What does a Senior Shipkeeping Technician do?
This week we met up with our Senior Shipkeeping Technician Piran Harte, who has been working at Cutty Sark since 2012. With background experience in conservation projects involving churches, galleries and boats, and a great passion for ships, it was not surprising that we found Piran busying away on the lower hold when we caught up with him for a chat.
Piran describes his role as a ‘labour of love’, and, sitting comfortably in the Even Keel Café underneath the ship’s hull, he explains what he finds most rewarding when working on Cutty Sark: ‘The reward lies in the result of the ship being kept just the way she is. If all goes well, visitors won’t even notice we are here keeping Cutty Sark well looked after and in a good state of repair.’
With a small team, Piran has created a 25 year schedule in order to keep the ship well looked after, and tasks can vary from caulking, oiling the wood and swelling the decks and timbers to general housekeeping to make sure she is beautifully preserved for visitors. Without this consistent work throughout the year Cutty Sark would become weathered and degradation would start to take hold quickly. Piran: ‘The weather is the biggest threat to the ship, as well as the pollution in London, and she would simply not cope without a routine in place to keep her preserved. It’s funny, she is made to be in all kinds of weather, yet it is now her worst enemy. Daily, especially in the summer, we need to swell her timbers and deck, in order for the wood to expand, which in the long term prevents leaks.’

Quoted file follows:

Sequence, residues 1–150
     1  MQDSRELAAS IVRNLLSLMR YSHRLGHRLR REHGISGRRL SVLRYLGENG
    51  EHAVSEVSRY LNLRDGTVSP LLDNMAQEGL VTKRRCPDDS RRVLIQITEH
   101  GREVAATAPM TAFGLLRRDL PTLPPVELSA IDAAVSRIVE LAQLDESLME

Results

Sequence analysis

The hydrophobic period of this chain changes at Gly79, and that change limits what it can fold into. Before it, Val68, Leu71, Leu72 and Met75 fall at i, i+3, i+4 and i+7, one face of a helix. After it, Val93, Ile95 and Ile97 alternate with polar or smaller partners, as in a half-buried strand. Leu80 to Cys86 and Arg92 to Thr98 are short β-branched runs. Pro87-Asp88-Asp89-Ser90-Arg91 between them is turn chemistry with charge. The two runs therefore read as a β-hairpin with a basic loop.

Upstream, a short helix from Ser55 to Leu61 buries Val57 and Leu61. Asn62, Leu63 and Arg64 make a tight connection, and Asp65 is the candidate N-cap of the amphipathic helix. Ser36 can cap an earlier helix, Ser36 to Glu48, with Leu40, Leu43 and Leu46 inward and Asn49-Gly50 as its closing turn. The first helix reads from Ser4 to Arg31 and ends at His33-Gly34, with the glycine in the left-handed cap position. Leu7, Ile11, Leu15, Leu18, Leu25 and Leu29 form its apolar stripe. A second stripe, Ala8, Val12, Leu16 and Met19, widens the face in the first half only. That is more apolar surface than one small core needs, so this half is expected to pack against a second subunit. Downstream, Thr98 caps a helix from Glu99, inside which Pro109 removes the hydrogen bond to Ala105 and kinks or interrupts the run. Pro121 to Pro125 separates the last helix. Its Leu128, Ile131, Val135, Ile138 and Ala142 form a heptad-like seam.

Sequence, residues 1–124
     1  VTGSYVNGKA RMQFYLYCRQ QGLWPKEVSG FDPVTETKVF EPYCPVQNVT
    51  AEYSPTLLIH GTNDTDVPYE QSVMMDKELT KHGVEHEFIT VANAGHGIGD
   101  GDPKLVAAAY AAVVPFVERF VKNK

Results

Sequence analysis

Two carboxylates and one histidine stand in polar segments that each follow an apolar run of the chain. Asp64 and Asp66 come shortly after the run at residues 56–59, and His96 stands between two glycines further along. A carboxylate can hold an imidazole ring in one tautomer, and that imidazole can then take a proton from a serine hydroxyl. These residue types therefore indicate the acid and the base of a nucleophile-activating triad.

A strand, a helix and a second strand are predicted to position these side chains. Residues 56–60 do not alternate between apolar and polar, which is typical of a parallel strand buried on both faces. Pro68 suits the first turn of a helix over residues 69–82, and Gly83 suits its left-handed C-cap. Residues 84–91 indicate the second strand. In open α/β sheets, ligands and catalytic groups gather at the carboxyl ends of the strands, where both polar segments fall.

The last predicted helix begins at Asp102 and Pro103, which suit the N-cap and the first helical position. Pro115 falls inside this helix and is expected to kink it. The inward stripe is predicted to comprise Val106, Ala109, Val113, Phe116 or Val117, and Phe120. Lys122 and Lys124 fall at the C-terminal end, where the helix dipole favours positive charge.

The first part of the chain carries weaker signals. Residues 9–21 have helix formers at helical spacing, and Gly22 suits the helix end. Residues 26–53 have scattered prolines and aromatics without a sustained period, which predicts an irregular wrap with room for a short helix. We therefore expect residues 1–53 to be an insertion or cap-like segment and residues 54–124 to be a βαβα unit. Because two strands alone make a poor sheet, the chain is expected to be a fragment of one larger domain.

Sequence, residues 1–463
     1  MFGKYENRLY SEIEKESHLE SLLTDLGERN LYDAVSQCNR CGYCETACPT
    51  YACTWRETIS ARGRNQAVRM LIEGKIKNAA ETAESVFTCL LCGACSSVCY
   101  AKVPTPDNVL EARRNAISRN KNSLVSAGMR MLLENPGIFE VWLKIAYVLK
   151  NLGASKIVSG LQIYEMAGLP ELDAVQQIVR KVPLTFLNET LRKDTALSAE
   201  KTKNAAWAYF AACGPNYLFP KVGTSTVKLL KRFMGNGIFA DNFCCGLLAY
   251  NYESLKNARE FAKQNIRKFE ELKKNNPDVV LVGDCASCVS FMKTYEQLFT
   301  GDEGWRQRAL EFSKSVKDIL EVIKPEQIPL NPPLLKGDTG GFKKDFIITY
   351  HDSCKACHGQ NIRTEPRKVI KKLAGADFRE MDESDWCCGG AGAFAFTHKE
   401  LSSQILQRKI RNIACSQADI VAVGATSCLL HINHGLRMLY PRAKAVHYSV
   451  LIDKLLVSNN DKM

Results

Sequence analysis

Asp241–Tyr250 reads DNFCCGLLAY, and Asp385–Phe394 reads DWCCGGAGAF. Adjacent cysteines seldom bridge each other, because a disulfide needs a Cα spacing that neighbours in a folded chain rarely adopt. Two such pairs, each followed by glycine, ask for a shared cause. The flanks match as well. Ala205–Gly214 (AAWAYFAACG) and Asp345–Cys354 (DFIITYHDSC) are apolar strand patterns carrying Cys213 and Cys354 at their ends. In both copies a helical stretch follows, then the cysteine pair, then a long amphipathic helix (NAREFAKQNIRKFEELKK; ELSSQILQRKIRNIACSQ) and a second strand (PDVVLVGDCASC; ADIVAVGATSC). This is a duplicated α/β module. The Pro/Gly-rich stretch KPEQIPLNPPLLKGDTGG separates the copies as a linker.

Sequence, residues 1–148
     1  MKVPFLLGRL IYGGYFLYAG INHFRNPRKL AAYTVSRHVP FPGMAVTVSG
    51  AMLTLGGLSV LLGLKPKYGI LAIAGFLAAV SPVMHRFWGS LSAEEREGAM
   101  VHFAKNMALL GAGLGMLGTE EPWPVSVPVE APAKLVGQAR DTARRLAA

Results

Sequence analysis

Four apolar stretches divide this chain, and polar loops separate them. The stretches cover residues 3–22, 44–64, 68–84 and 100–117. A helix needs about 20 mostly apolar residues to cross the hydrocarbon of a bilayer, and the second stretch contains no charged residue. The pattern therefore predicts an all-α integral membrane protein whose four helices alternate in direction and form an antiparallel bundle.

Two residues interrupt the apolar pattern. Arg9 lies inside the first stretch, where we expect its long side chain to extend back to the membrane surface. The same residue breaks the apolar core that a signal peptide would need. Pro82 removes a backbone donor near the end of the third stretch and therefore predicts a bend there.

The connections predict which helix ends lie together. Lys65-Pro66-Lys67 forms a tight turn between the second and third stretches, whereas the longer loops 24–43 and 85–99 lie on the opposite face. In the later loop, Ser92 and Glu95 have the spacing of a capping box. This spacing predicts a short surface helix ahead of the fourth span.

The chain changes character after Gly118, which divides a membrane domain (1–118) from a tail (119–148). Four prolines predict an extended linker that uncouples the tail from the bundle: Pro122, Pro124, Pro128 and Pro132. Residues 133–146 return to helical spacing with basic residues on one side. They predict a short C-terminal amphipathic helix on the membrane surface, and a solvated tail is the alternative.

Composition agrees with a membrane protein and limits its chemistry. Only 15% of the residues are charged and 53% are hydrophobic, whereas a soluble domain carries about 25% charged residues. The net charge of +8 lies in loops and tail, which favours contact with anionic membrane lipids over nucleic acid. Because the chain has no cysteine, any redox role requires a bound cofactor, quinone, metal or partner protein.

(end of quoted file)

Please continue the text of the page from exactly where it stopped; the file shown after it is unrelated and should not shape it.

Most would imagine Piran and the team working on the Main Deck, however this is not always the case as the inside of the ship needs just as much TLC as the outside. ‘Our summer and winter schedules differ slightly. When the weather is bad we tend to pay more attention to maintaining the inside of the ship. For example, you’d be surprised of the amount of dust visitors bring in when they visit Cutty Sark, and this settles right at the bottom of the ship, forming a layer of dirt. Twice a year, we make sure this is hoovered out; otherwise dust which attracts and holds moisture would eat away at her structure. The winter also brings the opportunity to remove smaller artifacts from the ship, and we take these back to our workshop which is not too far from here.’
Piran is one of the few lucky ones who get to occasionally climb into the bottom of the ship: ‘On the Main Deck at the stern of the ship by the wheel, there is a hatch. This is where the sails would have been kept. If you were to go through the hatch, you can climb all the way to the bottom of the ship following the rudder, and if you wanted to, you could continue to crawl the full length of the ship; from stern to bow parallel with the keel. It’s uncomfortable, but sometimes it has to be done in order to reach parts of the ship which may need some attention in order to keep her maintained.’
Finally, we asked Piran what he enjoys most about being a Shipkeeping Technician on board Cutty Sark: ‘The visitors – As someone who likes to travel, it is always nice to meet other travelers. I enjoy hearing the interesting stories about experiences on board yachts, boats and ships. Some visitors like to share their ideas with me, while others ask for tips. I’m also lucky to have a very nice team to work with, including volunteers who help out with some of the big tasks on board.’